Albuquerque Public Schools has until April 11 to take the lead in turning around three of its worst-performing schools.
Its leaders need to embrace this second chance for the sake of their students. Because if they don’t, the New Mexico Public Education Department will. Either way, the students at Los Padillas, Whittier and Hawthorne elementaries deserve better than schools that get an “F” grade year after year after year because too few improve academically. They deserve thriving, successful schools where students of every background can achieve and succeed in the classroom.
APS’ first turnaround go-round fell short, with the district opting for what amounts to re-arranging deck chairs on a sinking ship. There was little to no mention of embracing student data or focusing on improving student outcomes to ensure kids are learning. There were minimal changes in talent, with the district opting to help educators “embark on a professional development journey” rather than setting up a system to get high-performing lead teachers and principals in place, now. There appeared to be no real commitment to increased instructional time, be it longer or additional classes or intensive tutoring. Yet all four schools requested inordinate amounts of extra funding – as in seven figures each – for their minimal changes. APS was asking for about $3 million per school over the three-year period, or about $1 million a year.
In total, APS delivered three near-identical plans that lacked the “requisite urgency, clarity and cohesiveness to dramatically improve student achievement outcomes,” state Education Secretary-designate Christopher Ruszkowski wrote to APS officials.
Los Padillas, Whittier and Hawthorne are ranked as three of the four worst schools in the state, the fourth being Dulce Elementary in northern New Mexico. The schools have received Fs for five or six consecutive years. Dulce also had its proposal rejected and was also given three weeks to come up with a better plan. There’s no doubt these schools face serious challenges, including high poverty populations. We don’t doubt that their principals and teachers care deeply for their students and are working hard. But the status quo isn’t working.
Should the districts fail to put forth real improvement plans acceptable to PED, then it will be up to Ruszkowski to decide what to do next, and he could go as far as locking all four schoolhouse doors. That may seem harsh, but given the schools’ abysmal track records, drastic measures are needed.
Among PED’s suggested measures are:
• Bringing in principals who have multiyear track records of increasing student performance and paying them more than other principals in the district.
• Bringing in teachers with highly effective or exemplary performances.
• Attracting these teachers by paying them more than those who work in other schools in the district.
• Increasing the time students spend with these high-performing teachers.
APS and the Dulce school district should embrace the recommendations and build their turnaround plans around them. And they should also embrace another suggestion that Ruszkowski has put forth: suspending collective bargaining agreements at the failing schools for the next three years.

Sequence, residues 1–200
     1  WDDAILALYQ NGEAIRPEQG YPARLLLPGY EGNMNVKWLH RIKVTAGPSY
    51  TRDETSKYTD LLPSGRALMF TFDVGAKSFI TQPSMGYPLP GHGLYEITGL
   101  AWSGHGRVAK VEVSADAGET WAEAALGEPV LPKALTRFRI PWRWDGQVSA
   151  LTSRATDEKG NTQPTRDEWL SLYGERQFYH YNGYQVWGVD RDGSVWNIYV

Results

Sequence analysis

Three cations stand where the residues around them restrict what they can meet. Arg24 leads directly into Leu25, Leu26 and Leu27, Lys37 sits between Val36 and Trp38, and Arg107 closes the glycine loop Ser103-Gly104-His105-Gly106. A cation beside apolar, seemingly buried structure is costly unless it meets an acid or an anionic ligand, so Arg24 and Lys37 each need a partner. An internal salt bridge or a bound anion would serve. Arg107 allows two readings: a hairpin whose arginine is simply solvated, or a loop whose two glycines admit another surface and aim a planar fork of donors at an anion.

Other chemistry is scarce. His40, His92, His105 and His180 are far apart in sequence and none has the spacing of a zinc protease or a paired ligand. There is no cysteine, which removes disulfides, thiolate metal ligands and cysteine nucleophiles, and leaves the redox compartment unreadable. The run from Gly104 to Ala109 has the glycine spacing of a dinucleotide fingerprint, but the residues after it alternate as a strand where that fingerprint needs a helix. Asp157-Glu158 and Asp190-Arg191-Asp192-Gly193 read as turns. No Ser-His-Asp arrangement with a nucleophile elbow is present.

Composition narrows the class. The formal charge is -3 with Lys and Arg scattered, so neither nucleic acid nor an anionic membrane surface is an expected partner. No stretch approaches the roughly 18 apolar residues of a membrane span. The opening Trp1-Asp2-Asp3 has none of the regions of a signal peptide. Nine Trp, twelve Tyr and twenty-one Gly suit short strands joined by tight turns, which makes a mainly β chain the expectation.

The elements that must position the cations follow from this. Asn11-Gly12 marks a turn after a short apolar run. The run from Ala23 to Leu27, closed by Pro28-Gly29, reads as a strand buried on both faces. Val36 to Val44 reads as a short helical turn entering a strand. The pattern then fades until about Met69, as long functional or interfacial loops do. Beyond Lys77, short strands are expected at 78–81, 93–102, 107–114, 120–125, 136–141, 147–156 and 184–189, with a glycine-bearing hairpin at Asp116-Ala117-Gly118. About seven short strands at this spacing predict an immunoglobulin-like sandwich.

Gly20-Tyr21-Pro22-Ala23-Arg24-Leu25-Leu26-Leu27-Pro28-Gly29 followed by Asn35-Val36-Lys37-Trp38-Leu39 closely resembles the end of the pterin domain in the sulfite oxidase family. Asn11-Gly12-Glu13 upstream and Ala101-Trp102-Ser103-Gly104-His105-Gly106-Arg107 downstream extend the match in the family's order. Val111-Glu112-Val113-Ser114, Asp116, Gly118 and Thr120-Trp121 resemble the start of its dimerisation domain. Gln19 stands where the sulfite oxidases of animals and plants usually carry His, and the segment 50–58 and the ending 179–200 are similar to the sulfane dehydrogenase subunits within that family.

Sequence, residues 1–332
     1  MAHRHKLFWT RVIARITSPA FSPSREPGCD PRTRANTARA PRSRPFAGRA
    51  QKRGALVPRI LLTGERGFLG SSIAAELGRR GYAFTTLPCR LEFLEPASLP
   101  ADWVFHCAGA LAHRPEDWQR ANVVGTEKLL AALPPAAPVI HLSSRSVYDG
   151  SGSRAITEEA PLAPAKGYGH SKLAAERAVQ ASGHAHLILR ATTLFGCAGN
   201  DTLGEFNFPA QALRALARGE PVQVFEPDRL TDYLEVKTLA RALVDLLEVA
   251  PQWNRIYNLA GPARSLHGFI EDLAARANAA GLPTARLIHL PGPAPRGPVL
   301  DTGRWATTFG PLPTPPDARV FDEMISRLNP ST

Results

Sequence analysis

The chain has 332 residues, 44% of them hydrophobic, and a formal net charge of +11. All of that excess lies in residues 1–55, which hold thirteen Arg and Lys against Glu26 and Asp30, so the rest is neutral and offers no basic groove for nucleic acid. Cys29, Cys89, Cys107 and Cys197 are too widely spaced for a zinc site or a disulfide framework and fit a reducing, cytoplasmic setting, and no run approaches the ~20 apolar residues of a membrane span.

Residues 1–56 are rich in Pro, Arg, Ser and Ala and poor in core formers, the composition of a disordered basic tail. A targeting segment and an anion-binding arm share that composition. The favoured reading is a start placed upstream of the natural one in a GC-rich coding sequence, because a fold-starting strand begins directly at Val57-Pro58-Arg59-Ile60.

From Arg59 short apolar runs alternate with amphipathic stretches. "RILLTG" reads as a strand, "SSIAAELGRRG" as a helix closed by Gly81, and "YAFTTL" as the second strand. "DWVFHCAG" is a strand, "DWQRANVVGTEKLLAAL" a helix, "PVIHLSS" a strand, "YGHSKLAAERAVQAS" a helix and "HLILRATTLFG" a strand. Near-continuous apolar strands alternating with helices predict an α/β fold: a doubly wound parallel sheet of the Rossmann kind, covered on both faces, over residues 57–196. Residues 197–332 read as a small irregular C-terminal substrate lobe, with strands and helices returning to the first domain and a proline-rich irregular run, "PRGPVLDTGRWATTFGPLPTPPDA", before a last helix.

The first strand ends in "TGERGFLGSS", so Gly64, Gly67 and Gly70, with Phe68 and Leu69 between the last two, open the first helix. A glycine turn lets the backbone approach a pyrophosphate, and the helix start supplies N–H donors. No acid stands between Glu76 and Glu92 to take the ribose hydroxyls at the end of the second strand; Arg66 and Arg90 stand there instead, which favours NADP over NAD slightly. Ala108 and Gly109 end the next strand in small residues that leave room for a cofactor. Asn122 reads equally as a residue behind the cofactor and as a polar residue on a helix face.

“In an urgent school turnaround situation with our students’ futures at stake, the superintendent and school principal will need the freedom to manage all aspects of the district and school, and the freedom to make student-centered decisions pertaining to scheduling and staffing,” he wrote.
Yes, suspending collective bargaining agreements for employees at these four failing schools would be extreme, but it needs to happen given the obstructionist actions of some union officials.
Take, for instance, what happened when APS recently asked teachers, parents and students to weigh in on budget priorities via an online budget survey. Albuquerque Teachers Federation President Ellen Bernstein responded with an email blast to thousands of people the union represents, urging “every employee in APS represented by this union” not to take the survey, because she felt it was problematic, divisive and inappropriate. Seriously?
What’s truly problematic, divisive and inappropriate is a union leader trying to stifle teacher input into how the largest school district in the state allocates its resources. One would think that the union would be advocating for more input from teachers, not less.
We applaud APS Superintendent Raquel Reedy and her team for soliciting input from teachers and other stakeholders. And we encourage teachers to reject Bernstein’s rhetoric and to take the time to complete the survey.
Given the stances New Mexico teachers unions have been taking – remember the pledge to fight the $5,000 and $10,000 bonuses for exemplary teachers? – it makes sense to take them out of the equation when it comes to reforming N.M.’s four lowest-performing schools.
These students deserve to get the education they need to advance in school and in life. And if their school leaders can establish successful plans that deliver academic results, it will provide models for other struggling schools in the state.
It’s time for APS and the Dulce school district to step up and do what’s right for their, and New Mexico’s, kids.
This editorial first appeared in the Albuquerque Journal. It was written by members of the editorial board and is unsigned as it represents the opinion of the newspaper rather than the writers.